You'll Never Know, Dear
Hallie Ephron
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Buy *You'll Never Know, Dear* by Hallie Ephrononline

You'll Never Know, Dear
Hallie Ephron
William Morrow
304 pages
June 2017
rated 4 of 5 possible stars

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Ephron’s novel drops post-doc student and sleep psychologist Vanessa Woodham back to Bonsecours, South Carolina, into the forefront of an often-nauseating tale of a missing girl, a series of sinister dolls, and the apparent double-life of Vanessa’s grandmother, Miss Sorrel, who for years has collected and repaired dolls. Vanessa’s mother, Liz, still pines for her sister, four-year-old Janey, who vanished from the front yard of the family home 40 years ago. Although any hope of finding out what actually happened to Janey has long since faded, the shadow of her absence continues to hang over the house. The only physical reminders are photographs and Janey’s unaltered bedroom, with a single electric Christmas candle perpetually switched on in its front window.

Liz and Miss Sorrel have continued on with their lives, relying on their only true friend, the gossipy busybody Evelyn Dumont, who lives right next door. Over the years, Liz has found herself growing more tolerant of her mother’s quirks, her perfect hair and calibrated judgments of Vanessa, who is now the same age as Janey was when she disappeared. Liz looks at Miss Sorrel, with her powdered face, spots of rouge on each cheek, and lipstick carefully painted on, and wonders whether her mother is starting to look like one of the porcelain dolls she prizes. Liz blames herself for losing Janey; the added beneficiary of her hard-won wisdom is Vanessa, who Liz smothers with affection.

Central to the unfolding drama is Miss Sorrel’s connection of weird and spooky dolls. Once considered art--albeit “folk art”--most of them have carefully sculpted and painted faces, “like a real child.” Representing a bygone age, the now scarce dolls are mostly valued for their eerily realistic features. From Miss Sorrel’s secrets (from which she can run from but can never escape), Ephron pivots to the arrival of “Miss Richards,” who drops off a doll that is badly in need of repair. With its blond curls, half smile and dimpled chin, the doll’s cloudy eyeballs give it a haunted look that Liz thinks is molded into the image of a little lost girl.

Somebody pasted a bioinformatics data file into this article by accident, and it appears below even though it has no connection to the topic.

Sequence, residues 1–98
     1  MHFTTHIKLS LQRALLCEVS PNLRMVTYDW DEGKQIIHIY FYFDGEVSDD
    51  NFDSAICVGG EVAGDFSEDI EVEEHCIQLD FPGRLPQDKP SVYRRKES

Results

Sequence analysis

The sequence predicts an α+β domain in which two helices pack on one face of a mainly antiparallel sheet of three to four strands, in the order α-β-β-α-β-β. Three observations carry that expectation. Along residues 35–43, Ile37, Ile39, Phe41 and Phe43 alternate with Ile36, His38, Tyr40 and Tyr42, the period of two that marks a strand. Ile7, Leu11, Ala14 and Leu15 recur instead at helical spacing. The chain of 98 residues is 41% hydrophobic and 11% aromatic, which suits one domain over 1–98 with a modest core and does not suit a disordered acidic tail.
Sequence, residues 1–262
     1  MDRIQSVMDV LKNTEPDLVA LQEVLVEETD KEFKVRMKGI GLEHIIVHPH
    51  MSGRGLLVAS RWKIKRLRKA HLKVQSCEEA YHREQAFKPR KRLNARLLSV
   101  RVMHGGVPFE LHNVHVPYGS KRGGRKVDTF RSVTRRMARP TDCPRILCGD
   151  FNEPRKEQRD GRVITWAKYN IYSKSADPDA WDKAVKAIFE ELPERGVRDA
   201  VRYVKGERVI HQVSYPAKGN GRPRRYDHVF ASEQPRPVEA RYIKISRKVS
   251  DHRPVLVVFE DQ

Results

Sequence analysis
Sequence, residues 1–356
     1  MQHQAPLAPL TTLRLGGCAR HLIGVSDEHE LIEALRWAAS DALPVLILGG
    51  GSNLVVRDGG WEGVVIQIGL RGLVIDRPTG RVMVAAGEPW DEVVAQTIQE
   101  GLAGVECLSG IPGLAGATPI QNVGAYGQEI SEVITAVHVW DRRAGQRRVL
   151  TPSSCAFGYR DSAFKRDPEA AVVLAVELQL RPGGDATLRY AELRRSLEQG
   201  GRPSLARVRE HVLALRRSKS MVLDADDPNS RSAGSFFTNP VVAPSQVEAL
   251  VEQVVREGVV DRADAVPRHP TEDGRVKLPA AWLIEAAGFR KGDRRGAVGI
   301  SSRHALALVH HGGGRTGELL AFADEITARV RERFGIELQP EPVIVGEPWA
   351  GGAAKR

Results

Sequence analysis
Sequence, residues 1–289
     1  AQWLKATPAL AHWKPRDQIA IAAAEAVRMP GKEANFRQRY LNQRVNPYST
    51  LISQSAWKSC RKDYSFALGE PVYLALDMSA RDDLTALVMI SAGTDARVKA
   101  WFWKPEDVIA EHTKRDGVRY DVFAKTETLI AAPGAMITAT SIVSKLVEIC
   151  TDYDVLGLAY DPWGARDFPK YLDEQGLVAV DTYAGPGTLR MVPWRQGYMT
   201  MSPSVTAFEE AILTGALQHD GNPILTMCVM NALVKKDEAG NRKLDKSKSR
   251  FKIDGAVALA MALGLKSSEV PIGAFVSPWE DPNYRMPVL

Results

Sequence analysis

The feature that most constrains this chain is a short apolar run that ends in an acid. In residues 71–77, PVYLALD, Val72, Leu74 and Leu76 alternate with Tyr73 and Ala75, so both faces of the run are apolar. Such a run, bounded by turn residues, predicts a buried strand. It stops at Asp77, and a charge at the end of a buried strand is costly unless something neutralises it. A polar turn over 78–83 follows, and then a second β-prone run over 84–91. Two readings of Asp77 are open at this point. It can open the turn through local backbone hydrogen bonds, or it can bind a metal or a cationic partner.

Liz feels a frisson of recognition when she sees the mark impressed in the heel: a smooth-edged sorrel leaf with a vein running down its center. Miss Sorrel recognizes it immediately, certain that it is Janey’s doll with its cracked face and cloudy eyes. More than anything, Vanessa wants her mother and grandmother to find some kind of resolution to the mystery of Janey’s disappearance. Embarking on a search for Miss Richards, a woman with “long dark hair and tattoo wings on the small of her back,” Vanessa and Liz are brought into the orbit of a woman called Jenny who is willing to do anything to sustain the past she’s dreamed up for herself. Is Jenny Janey? Liz has not the slightest doubt that Jenny grew up in Mount Royal believing herself to be Jenny Richards.

Guiding us through her Southern gothic sensibility, Ephron’s prose manages to be both modern and minimalist. She gets the emotions just right in terms of how tired and world-weary Liz and Miss Sorrel have become. Beyond the air that hangs heavy with the sweet scent of wisteria, Maggie and Jenny’s true nature will eventually poke itself out. Until now, Jenny has been challenged by the belief that her life has been a fiction her parents made up. Subplots involving DNA, Vanessa’s sleep research, a tragic house fire, and a suspicious burglary add much drama to the proceedings though the reader has mostly figured out the clandestine goings-on from the get-go. To be honest, I expected something a little creepier. The story is advertised as “a novel of suspense,” but much of the story’s impact rests on Ephron’s ability to evoke charm and atmosphere.

Ephron certainly relates her three heroines’ emotional transitions. In a matter of days, Vanessa comes to love the resilience of her mother and her grandmother, two women long ago left to wonder what really happened to Janey. Ephron’s language is lovely, and while her scenes relating Liz’s guilt and anguish over Janey’s disappearance are powerful, Miss Sorrel’s dainty, wide-eyed, and unblinking dolls that are the real highlight, her prized possessions quietly opening a door to a past full of long-held animosities and faded memories.

Originally published on Curled Up With A Good Book at © Michael Leonard, 2017

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